I personally have made some gear (like my backpack) but in the end have opted to buy the big three. Again, I think you need to "Think outside the box". Even though you may think you need a tent, a tarp or hammock may actually be better, you just need to learn to use them correctly and then try them. You may think you need a sleeping bag, but the quilt options are getting great: Big Agness, Go-Light, Nunatack, etc. Or something even different like the Feathered Friends Wren which can also be a parka sort of; or maybe even a 1/2 bag and a real down parka from Nunatak.
Whatever you decide, I recommend keeping them below 2 pounds each. Depending on what you choose, you may even make it below a pound each, but again, it is based on what you can handle. I would however recommend changing your backpack last. In order to go with the smallest and lightest pack you can get, you should first get everything else reduced.
Two of the best gear innovations I've had the pleasure to ever test were from the big three. The Hennessy A-Sym Ultralight Hammock, and the Moonbowgear Gearskin. If you plan to buy, they are worth a good, hard look because of their value and innovative designs.
Food and water
Although separate from gear, these are not separate from pack weight. Food and water can quickly add weight to a pack.
Although some ultralight hikers believe in skimping on food, I do not. I agree with Ray Jardine on this, with the philosophy that food is like rocket fuel. If you use fuel that doesn't have enough energy, you will limit your performance. While some ultralight pages will say reduce your food weight to about 1.5 pounds a day, I still recommend 2 pounds of food a day, and that you pay close attention to everything you pack. I don't plan to go into great detail with this here because I wrote an extensive article already about hiking foods.
Water is very essential and also very heavy. It is actually one of the heaviest items in your pack, weighing more than one ounce per fluid ounce. Today hydration systems are all the rage, and I own them too. But depending on where you are hiking, you may be dooming yourself to carry more weight, thus actually needing more water to perform. The human body can carry water as effectively as a 2 liter water bladder in my experience, and it isn't pack weight. While you need to drink from the bladder constantly to keep hydrated because that is where the water is, you can put it in you body first and avoid the need to constantly drink. Depending on the weather and water sources, try forcing yourself to drink three liters before you start. The first one will probably just get you body properly hydrated (Americans are chronically dehydrated); the other two will fill up your system. Now carry a liter of water in a bottle and go for a hike. You will probably not feel thirsty for hours, and if you do you have a liter in you bottle. Much better than carrying 4 liters all day long!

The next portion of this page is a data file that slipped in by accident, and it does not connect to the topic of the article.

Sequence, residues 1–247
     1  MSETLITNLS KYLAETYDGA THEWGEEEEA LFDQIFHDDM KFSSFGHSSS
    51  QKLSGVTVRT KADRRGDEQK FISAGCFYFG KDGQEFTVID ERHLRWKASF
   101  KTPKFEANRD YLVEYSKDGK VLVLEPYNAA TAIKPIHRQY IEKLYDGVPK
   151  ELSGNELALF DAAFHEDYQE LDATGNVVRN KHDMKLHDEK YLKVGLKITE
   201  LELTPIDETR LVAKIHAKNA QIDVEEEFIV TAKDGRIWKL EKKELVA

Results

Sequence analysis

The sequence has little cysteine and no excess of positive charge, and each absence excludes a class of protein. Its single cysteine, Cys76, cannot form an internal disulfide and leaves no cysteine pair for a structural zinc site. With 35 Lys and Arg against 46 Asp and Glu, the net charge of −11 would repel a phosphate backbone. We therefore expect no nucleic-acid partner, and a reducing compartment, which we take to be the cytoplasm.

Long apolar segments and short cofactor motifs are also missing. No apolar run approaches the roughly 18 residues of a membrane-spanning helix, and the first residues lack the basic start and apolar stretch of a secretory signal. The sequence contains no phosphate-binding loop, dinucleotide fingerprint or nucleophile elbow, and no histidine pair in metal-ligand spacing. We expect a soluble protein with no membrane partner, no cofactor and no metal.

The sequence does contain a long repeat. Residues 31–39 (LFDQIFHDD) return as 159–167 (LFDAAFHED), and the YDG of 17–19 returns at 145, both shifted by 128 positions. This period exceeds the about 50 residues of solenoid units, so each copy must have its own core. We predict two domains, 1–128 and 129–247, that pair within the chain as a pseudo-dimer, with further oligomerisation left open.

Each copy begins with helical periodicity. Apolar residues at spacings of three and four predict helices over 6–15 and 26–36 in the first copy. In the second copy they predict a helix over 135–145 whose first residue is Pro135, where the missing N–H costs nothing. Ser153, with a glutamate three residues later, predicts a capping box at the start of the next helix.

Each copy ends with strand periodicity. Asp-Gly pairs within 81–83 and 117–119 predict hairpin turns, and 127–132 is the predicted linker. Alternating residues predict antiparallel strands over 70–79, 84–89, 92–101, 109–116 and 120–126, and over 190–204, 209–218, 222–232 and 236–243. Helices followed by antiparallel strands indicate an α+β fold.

Throughout the process you need to go for short trips to test out changes you have made. From each trip you need to perform the AAR after each trip. Were the gear changes good or not? Were your systems to use the gear efficient or not? Is there another gear change that could be even better? Maybe you can change how you hike and get rid of the need for a piece of equipment or modify what equipment you need.
BUT let me say this, while on the trail I don't want to think about or discuss my gear. I'm out there to hike, and going light is a means to make that fun and increasing my connection with nature and the trail. I don't do it for the sake of playing with new gear. I do not like to mess with gear and packing lists until I'm off the trail, then it helps me to get better for the next trip and keeps me in a trail frame of mind.
I hope this helps you.